On the first day of 2019, five million women lined up across the length of Kerala, a state in southwest India. Side by side, these women formed a wall stretching 620 kilometres. They were protesting against violent reactions to women trying to enter Sabarimala Temple.
A few months earlier the Indian supreme court overturned a centuries-old ban on women of menstruating age entering the Hindu temple. Yet, none had been able to enter since, even with the support of Kerala’s state government and police. Those that tried were stopped, shoved and stoned by mobs of men.
On the second day of 2019, Indian women made history yet again. Two women – a university professor and a government employee – slipped into Sabarimala Temple at about 4am. They were accompanied by a group of men, including four plain-clothed police officers, and covered their faces during the four kilometre trek to the temple. Up to fifty million devotees make the pilgrimage to Sabarimala Temple each year, yet none had been women under the age of fifty for centuries – perhaps ever.
The women’s bold defiance of religious tradition sparked intense riots later that day. Clashes broke out between police and violent groups of religious conservatives. Priests performed a ‘purification ritual’, and closed the temple the next day in protest. The Prime Minister of India Narendra Modi also expressed support of the ban against women in the temple. The protesting mobs weren’t just made up of men, but women too. Why would women protest against other women entering a place of worship?
I had assumed that prohibitions against bleeding women in Hindu temples had something to do with the idea that they’re ‘impure’. While this may have some truth to it, it’s not often the case. India is an incredibly diverse melting pot of cultures, so there are many reasons why menstruating women aren’t allowed to enter some Hindu temples. However, Sinu Joseph, an Indian activist in menstrual health education, believes none of the restrictions were originally meant to suppress women.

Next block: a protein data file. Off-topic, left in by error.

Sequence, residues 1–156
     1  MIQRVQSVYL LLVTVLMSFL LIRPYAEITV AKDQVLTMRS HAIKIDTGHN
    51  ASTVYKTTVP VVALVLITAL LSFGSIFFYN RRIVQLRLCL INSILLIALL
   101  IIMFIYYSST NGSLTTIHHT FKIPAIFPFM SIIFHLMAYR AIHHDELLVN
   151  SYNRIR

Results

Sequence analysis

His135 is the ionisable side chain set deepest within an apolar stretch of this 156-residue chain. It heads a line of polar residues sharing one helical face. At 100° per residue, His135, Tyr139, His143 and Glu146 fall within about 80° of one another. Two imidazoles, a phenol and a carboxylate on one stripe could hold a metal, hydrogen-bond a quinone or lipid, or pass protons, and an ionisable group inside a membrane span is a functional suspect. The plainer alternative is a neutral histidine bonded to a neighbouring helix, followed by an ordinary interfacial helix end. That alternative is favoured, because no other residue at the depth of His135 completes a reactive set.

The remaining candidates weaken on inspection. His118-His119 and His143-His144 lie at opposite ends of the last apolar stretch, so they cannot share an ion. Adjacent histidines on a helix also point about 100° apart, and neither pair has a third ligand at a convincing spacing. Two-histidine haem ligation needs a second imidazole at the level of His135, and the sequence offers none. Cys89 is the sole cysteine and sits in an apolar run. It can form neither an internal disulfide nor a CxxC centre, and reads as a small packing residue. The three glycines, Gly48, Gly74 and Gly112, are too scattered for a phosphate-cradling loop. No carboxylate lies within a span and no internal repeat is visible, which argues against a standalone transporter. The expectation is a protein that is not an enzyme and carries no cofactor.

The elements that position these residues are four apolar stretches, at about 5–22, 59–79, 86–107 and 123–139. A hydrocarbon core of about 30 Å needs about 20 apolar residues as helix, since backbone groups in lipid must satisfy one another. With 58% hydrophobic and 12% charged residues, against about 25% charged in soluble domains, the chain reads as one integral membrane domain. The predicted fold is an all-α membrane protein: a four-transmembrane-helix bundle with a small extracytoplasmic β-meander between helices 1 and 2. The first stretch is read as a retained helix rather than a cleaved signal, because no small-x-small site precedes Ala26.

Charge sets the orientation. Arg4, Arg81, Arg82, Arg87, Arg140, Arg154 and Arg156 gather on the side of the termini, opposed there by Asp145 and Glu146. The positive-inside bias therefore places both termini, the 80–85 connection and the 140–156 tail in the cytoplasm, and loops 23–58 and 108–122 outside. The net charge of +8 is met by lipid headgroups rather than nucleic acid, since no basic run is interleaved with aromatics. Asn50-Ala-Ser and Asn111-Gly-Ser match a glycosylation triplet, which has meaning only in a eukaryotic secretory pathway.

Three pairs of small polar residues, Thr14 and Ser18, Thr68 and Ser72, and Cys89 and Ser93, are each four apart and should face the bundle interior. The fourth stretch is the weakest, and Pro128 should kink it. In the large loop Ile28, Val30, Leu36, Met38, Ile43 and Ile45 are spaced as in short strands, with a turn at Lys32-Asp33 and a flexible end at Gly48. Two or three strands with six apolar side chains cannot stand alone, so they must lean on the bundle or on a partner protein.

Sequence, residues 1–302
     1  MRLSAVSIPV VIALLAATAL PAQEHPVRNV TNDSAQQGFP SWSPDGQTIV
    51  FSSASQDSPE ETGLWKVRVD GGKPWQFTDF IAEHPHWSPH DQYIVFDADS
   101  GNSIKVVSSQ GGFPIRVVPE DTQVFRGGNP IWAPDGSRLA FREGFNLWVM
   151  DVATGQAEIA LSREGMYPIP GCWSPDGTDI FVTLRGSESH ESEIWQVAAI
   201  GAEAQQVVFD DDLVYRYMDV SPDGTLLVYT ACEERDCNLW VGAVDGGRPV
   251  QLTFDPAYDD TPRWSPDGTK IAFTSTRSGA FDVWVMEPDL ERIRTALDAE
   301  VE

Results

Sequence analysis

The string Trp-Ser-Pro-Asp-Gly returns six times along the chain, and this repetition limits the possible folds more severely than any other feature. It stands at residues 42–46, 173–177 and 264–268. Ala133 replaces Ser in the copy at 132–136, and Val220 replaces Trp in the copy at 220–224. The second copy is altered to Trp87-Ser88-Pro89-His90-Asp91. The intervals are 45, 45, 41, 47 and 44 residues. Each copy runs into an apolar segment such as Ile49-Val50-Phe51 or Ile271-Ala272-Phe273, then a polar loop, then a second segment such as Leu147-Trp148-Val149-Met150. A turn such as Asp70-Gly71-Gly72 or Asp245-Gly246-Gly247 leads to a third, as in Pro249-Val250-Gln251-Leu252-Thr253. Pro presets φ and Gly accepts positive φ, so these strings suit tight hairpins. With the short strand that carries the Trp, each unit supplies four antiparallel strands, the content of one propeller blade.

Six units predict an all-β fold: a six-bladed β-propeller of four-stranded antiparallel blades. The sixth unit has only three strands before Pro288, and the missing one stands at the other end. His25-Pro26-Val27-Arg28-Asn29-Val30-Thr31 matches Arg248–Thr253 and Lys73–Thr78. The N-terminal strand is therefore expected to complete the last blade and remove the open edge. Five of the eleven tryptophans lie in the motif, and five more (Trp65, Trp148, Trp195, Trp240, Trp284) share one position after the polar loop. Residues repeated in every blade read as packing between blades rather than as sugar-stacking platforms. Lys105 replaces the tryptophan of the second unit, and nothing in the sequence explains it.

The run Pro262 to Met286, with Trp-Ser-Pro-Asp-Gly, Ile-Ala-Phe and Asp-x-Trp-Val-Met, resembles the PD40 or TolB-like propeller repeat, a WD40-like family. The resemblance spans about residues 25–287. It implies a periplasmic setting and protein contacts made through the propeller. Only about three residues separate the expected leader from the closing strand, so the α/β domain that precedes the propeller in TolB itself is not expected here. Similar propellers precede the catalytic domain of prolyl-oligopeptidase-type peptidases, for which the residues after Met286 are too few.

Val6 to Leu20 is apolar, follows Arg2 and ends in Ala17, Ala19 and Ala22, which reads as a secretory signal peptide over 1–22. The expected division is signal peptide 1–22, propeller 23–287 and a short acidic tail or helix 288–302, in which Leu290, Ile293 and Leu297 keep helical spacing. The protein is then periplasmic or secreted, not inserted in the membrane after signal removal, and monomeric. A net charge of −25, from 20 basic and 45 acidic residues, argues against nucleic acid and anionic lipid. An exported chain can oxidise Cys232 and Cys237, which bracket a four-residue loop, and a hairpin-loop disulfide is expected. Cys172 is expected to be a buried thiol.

Sinu travelled across India to learn the origin of menstrual practices and their impact on women in rural India. She found that many Hindu people believe menstruating women are so pure that they’re ‘worshipped’ as a ‘living goddess’ during that time of the month, and therefore a menstruating woman cannot enter a temple as her energy will attract that of the murti, and the murti will become lifeless. Some also believe that a woman’s energy moves downwards during menstruation, whereas energy moves upwards in a Hindu place of worship. One woman even told Sinu she experienced ‘severe pain’ while menstruating during a chanting session, and believes it was because of these conflicting energies.
Sinu also found that in some Indian cultures, period blood is deeply respected and considered to have potent powers. In Manipur she came across a ritual in which a girl’s first bloodied cloth is kept by her mother, and gifted back to her once she’s married, as it’s believed to protect the girl and her family against poor health. Sinu also met women who have tasted a drop of their first period, for the same protective powers it’s believed to possess.
Yet in another Indian state, Jharkhand, period blood is feared. Many believe it can be used for ‘black magic’, and therefore women who don’t ‘destroy’ their cloths discreetly are considered ‘witches’. This superstition results in the murder of around 400 women in Jharkhand every year.
This was just one of the heartbreaking situations that Sinu Joseph discovered during her research trip. Misconceptions such as these underpin not only the taboo of menstruation, but also much of India’s poor menstrual hygiene standards, which are responsible for 70% of the country’s reproductive diseases. However, Sinu – who has dedicated her life to menstrual health and awareness – was also surprised to find that cultural practices surrounding menstruation aren’t always oppressive.
“Yet, during my interactions across rural India, I realized that most women who follow menstrual rituals are not concerned with modern science’s outlook. For most women, it is reverence to an age old belief system that they want to be keepers of.”
While the controversy surrounding Sabarimala Temple is more complex than an issue of patriarchy, the simple fact remains: women, of all ages, are now legally allowed to enter Sabarimala Temple. While many women may not want to, those that do should be free to do so without the threat of violent retaliation. In today’s world all women should have the right to follow their own beliefs, whether they lie in science or religion.